Re-jigged trio can take sting out of Wasps' high-fliers
Eighteen months ago, rudderless Leinster were carved apart by today's opposition in the RDS, but so much has changed since that dark day.
Only four survivors of that starting XV resume their position for today's renewal; in between times, Wasps completed a humiliating double with a 51-10 home win to compound their 33-6 RDS mugging.
Graham Henry, then Stuart Lancaster, were drafted in to help Leinster's rookie coaching mob and, with a similar overhaul in vibrant playing resources, the three-time champions are primed to strike on their return to the knock-out stages after last season's galling wipeout.
Such has been the renewal, all seems set fair for the Leinster coaching ticket to be signed up en masse; the last time a Leinster coach brought his side to a semi-final, he was shown the door.
All has, indeed, changed.
"I don't think today is the day for that," said Leo Cullen yesterday when asked about the speculation, fuelled by an optimistic Stuart Lancaster throughout a series of media appearances, that his tenure was being extended.
"Everyone is just focused on what is a quarter-final in the Aviva, so we'll have plenty of time for discussions about coaches and whatever else in good time."
A victory today would offer a significant sop to those proffering the contract-signing pens.
"They were a very difficult couple of games for us," Cullen recalls. "Coming off 80-odd points to 16 on aggregate, it was a tough time for everyone associated with the club. Players have battled back well and have shown really good characteristics this season.
"You've got to learn from your mistakes. We did make a lot of mistakes last year - players and coaches combined.
"Most of the credit goes to the players because they have worked incredibly hard. Having that continuity with the group over pre-season was really important for us leading into this season.
"A lot of young guys have bought into it and have come through really well. There's healthy competition. Plus added to that, guys who have had success in the past.
"They want to experience that again. We're far from the finished product and I think there is still a huge amount of growth in the team."
Being a much better team than that which bowed out so tamely last season will certainly help, even if there may be much merit, in anticipation of an opposition who scream anarchic pace and penetration, of a return to some of the more yeoman characteristics deployed, to much home-grown distaste, by the previous coaching ticket.
Nonetheless, with Joey Carbery slotting in at full-back - his ability to cover ten, akin to that of his captain, Isa Nacewa, edging Ross Byrne from the 23 - Leinster possess a notable cutting edge of their own.
The Six Nations midfield partnership of Garry Ringrose and Robbie Henshaw will be less emasculated too, you feel, after Lancaster suggested during the week that his side will not necessarily funnel all their play-making via Jonathan Sexton, as the out-half seems to do so much with Ireland.
Despite some fears about his defence, Adam Byrne's exciting ability on the wing demonstrates the trust in the younger players who emerged through the storm of last season's Champions Cup debris.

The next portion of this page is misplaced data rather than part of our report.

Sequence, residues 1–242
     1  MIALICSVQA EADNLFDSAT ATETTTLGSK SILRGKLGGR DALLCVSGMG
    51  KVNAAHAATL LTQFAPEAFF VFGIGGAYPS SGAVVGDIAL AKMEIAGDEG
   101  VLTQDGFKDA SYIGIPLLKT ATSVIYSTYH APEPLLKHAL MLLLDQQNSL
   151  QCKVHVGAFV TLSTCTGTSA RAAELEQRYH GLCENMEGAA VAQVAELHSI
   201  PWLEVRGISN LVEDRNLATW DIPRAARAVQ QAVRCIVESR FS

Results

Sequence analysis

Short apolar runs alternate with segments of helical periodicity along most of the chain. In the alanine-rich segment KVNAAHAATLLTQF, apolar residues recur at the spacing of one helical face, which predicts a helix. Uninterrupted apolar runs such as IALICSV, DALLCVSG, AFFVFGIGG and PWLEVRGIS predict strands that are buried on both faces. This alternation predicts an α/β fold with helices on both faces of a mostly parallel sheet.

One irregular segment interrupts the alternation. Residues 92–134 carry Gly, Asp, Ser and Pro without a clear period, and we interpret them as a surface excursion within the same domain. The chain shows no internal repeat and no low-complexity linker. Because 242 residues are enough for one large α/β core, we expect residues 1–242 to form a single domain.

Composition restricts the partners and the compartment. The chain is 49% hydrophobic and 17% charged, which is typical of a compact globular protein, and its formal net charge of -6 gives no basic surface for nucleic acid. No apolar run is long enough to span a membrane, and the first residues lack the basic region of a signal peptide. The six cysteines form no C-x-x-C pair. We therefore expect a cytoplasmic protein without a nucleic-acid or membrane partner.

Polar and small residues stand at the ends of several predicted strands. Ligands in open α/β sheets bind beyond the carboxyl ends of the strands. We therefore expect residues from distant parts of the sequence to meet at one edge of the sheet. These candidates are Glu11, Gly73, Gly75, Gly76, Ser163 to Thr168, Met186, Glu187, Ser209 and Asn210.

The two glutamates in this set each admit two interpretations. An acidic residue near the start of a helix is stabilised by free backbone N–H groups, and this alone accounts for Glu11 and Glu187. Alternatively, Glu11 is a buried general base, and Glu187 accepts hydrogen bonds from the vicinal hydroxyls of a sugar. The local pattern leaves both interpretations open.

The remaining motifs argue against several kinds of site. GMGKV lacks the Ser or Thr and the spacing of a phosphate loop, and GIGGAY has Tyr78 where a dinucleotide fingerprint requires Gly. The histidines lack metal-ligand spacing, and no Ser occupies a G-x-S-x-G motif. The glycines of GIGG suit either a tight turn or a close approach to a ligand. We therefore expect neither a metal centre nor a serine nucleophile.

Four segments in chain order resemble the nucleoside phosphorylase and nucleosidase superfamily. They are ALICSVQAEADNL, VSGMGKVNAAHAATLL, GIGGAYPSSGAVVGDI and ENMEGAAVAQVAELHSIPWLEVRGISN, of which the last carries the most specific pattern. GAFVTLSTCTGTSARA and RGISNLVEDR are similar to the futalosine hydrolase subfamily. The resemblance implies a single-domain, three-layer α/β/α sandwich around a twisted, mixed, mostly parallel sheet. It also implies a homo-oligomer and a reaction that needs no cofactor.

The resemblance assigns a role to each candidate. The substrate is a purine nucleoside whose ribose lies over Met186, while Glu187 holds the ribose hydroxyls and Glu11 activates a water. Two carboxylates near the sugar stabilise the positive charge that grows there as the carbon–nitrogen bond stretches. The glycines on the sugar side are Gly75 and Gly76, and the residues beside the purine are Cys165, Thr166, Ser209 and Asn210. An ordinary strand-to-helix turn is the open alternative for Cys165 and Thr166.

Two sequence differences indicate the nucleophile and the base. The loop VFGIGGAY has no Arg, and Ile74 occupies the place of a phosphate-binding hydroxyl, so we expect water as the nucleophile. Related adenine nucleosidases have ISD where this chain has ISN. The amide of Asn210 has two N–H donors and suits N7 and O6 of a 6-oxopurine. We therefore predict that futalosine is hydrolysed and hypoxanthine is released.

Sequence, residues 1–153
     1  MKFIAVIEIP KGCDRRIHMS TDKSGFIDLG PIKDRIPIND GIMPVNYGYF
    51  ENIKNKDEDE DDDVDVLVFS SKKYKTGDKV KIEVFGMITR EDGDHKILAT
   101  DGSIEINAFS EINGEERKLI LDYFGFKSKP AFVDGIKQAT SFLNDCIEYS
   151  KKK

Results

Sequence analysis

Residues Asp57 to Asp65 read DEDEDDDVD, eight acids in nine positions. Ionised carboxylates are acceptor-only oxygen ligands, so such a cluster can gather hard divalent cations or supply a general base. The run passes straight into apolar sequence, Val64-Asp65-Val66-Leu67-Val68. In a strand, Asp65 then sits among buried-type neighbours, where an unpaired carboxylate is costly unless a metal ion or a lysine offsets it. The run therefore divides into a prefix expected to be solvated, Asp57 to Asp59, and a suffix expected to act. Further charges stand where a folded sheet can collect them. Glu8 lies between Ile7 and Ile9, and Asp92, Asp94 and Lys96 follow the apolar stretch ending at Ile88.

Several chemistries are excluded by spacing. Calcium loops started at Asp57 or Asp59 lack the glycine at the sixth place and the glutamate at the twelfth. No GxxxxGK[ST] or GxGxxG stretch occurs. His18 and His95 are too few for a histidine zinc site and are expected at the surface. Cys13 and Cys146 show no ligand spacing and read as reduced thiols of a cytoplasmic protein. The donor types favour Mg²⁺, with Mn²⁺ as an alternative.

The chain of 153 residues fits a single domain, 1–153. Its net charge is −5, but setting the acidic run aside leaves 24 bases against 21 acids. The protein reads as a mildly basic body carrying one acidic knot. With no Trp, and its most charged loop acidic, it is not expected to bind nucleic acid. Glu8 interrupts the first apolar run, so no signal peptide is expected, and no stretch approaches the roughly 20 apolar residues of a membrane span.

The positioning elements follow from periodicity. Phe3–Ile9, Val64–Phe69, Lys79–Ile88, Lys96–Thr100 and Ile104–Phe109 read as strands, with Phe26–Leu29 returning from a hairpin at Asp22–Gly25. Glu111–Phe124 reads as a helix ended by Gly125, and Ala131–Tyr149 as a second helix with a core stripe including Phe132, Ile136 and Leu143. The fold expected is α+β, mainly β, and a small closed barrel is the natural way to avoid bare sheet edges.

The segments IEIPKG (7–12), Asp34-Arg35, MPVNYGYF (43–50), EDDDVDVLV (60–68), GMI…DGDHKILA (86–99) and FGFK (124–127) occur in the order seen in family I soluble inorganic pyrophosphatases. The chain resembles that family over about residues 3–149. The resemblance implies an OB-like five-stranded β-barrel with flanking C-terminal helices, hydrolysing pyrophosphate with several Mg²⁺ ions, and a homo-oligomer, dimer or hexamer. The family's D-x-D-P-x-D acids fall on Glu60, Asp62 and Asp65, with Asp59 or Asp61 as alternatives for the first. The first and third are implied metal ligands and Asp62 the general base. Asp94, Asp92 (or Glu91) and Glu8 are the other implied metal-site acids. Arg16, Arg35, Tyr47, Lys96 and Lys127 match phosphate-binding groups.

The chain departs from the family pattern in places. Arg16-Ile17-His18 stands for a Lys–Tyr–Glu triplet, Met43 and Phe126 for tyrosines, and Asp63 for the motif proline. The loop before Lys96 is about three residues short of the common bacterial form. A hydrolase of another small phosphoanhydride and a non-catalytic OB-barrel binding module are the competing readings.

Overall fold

A slight caveat to that faith is the presence of Fergus McFadden and Zane Kirchner on the bench; perhaps both men represent a nod to a Plan B should Wasps get anywhere close to their average collection of four tries per game this campaign.
Leinster, though, are marginally more free-scoring but, for all the attraction of viewing this fixture as one that may offer a sun-splashed spectacle of primarily running rugby, the home side's preferred gambit will, presumably, be to focus on shutting the visiting talents out of the game as quickly as possible.
Jamie Heaslip's absence is offset slightly by Jack Conan's fine form and, although Rhys Ruddock's calf injury threw a spanner in the works, the fact that Dan Leavy's international form allows him to edge out Josh van der Flier reflects the strength of a key area.
"We will try and stop them in a number of ways and breakdown is one of the opportunities you get in the game and Josh coming off the bench brings great energy as well," said Cullen.
Leinster have a proficient attacking game of their own but their primary aim will be to prevent Wasps allowing theirs a free rein.
Expect, then, Sexton and his auxiliaries to turn the back three into unfamiliar back-pedalling mode in order to gain sufficient territory to produce a decent mauling and set-piece platform from which Leinster can establish a firm foot-hold in the game.
Wasps have had a turnover of players too since but, while their back-line oozes even more class now, their back-row is the area where Leinster can hope to exploit, after previously being undone by George Smith.
James Haskell and Nathan Hughes, when he arrived, had minimal impact against Ireland. Win this battle and Leinster can win the day.
Leinster - J Carbery; A Byrne, G Ringrose, R Henshaw, I Nacewa (c); J Sexton, L McGrath; J McGrath, R Strauss, T Furlong, D Toner, H Triggs, D Leavy, S O'Brien, J Conan. Reps: J Tracy, C Healy, M Bent, R Molony, J van der Flier, J Gibson-Park, F McFadden, Z Kirchner.
Wasps - K Beale; C Wade, E Daly, J Gopperth, W Le Roux; D Cipriani, D Robson; M Mullan, T Taylor, J Cooper-Woolley, J Launchbury (c), K Myall, J Haskell, T Young, N Hughes. Reps: A Johnson, S McIntyre, M Moore, M Symons, A Rieder, J Simpson, A Leiua, J Bassett.
Ref - N Owens (WRU).
- Leinster v Wasps, Live, BT Sport 2, 3.15